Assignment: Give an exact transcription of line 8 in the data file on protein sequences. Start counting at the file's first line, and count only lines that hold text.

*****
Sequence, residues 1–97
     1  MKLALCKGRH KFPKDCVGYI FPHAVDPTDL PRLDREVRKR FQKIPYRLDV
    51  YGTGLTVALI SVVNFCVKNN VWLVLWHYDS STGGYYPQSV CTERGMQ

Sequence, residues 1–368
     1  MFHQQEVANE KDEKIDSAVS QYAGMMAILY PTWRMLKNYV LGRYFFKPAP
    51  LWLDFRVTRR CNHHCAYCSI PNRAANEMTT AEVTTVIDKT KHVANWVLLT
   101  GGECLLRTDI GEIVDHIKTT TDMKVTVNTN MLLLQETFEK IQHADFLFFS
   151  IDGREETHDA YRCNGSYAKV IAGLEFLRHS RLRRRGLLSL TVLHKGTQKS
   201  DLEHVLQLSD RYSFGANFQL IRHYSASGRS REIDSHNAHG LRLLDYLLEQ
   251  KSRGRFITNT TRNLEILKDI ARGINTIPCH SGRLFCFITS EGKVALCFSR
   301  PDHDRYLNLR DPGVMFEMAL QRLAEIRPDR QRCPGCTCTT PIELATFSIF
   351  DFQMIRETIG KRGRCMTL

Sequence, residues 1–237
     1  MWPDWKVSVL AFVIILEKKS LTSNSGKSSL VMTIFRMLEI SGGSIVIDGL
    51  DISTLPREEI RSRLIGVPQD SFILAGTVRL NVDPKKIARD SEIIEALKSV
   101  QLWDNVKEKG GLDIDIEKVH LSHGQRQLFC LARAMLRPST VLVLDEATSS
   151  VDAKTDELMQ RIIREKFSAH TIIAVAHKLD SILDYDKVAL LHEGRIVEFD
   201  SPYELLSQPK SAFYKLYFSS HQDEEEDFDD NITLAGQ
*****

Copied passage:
   151  IDGREETHDA YRCNGSYAKV IAGLEFLRHS RLRRRGLLSL TVLHKGTQKS